Call of Duty: Warzone banned more than 60,000 accounts in one day for cheating on the video game.
Activision publisher revealed that the game had its own “built-in anti-cheat software”, which it was now improving according to the demands of the players.
Several high-level streamers criticized the actual battle game for being “saturated with hackers”.
More than 300,000 permanent bans have been issued since the game’s launch last March, Activision said.
Other popular games like Fortnite and Fall Guys outsource their anti-cheat code.
“We are committed to providing a fair and fun experience for all players,” said Activision in a blog.
“This is a dedicated focus for our security, enforcement and technology teams.”
It comes after UK-based Vikkstar – whose real name is Vikram Singh Barn – announced that he was leaving Warzone because of his cheating problem.
“This needs to be fixed,” he told his seven million subscribers.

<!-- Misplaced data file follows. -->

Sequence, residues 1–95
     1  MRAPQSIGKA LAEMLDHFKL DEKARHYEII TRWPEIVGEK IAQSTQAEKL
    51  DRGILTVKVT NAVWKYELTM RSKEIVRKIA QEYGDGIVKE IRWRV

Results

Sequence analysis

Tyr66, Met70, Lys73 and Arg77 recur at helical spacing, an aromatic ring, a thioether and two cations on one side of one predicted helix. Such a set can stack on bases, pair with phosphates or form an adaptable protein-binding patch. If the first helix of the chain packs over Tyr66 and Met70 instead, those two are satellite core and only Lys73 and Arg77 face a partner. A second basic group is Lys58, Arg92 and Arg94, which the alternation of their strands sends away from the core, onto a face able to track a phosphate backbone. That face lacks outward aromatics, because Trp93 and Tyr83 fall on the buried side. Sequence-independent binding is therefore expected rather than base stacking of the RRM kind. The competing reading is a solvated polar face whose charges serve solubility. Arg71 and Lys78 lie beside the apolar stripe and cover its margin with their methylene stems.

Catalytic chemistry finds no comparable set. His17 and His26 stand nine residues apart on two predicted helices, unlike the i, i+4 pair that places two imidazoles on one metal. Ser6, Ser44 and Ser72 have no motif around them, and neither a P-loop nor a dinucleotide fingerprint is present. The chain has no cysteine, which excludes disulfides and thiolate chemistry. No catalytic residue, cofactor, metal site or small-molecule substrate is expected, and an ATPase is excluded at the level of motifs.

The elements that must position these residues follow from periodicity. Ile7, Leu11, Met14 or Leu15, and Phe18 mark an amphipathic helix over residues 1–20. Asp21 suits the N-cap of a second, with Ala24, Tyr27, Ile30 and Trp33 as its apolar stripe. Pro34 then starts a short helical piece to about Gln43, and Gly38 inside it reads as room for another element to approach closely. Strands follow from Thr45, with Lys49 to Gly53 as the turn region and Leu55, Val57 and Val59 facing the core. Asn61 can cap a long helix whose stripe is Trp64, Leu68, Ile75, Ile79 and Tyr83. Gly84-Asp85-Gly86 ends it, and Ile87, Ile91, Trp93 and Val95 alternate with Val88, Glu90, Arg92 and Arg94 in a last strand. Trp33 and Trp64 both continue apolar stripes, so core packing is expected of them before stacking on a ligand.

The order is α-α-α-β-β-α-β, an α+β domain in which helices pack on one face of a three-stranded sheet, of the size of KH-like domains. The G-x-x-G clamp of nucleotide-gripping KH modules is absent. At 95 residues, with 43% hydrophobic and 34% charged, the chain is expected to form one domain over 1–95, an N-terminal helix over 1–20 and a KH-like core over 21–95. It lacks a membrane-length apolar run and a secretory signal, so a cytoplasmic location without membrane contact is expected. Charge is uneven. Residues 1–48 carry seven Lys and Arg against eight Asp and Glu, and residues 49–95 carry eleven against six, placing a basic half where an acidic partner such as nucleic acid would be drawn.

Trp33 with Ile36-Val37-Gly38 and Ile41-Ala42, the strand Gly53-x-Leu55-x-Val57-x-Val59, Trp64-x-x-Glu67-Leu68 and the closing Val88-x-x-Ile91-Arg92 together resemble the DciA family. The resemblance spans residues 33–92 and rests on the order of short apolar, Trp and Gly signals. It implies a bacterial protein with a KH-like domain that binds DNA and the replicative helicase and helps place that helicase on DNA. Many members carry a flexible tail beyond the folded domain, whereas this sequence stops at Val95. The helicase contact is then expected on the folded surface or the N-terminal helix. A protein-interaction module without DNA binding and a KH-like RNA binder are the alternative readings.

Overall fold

“Otherwise, it will really be the death of the game.”
Vikkstar welcomed Activision’s latest announcement as “a step in the right direction”.
“We hope that the new resources dedicated to monitoring and enforcement will pay off,” he added in a tweet.
Activision confirmed to the BBC that its anti-cheat was in effect at the launch of the game, but that it will make a significant investment to improve the software.
Activision also emphasized other preventive measures in place in the war zone, including:
- weekly security updates
- improved in-game reporting
- two-factor authentication
“There’s no place for cheating,” the statement added.
“We are listening and will not stop in our efforts.”
But because there was little detail about how the anti-cheat software worked, it was difficult to say how effective it would be, said Sam Connolly of the University of Central Lancashire.
“Promising weekly security updates inspires confidence,” he said.
“And anti-cheat updates are certainly an effective way to eliminate a large number of hackers from the game.
“However, a large number of these changes suggested by Activision depend on players reporting hackers and then someone else to review the evidence.
“This is usually not as fast as an automated anti-cheat process.
“And therefore, we can hope that this situation will not change as quickly as some players expect.”